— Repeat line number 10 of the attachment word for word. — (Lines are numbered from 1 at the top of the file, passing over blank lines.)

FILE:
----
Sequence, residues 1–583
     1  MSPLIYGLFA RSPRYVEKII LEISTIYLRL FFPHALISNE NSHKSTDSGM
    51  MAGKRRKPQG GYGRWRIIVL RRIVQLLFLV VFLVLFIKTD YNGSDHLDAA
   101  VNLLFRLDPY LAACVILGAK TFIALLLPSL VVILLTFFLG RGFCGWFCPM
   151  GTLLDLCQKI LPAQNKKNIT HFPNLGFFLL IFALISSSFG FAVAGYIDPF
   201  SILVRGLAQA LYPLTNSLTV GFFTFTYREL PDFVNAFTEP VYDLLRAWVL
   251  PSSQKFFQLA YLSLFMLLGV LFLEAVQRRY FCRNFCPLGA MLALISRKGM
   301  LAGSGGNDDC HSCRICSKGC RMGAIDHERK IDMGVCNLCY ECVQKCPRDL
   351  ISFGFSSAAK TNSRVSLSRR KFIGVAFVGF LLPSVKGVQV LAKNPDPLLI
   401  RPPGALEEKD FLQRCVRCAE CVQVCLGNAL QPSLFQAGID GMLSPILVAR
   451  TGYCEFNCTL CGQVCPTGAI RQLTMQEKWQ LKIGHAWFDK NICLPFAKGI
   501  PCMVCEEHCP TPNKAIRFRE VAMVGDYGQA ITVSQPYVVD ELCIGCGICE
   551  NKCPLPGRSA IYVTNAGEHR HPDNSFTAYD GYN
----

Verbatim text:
   401  RPPGALEEKD FLQRCVRCAE CVQVCLGNAL QPSLFQAGID GMLSPILVAR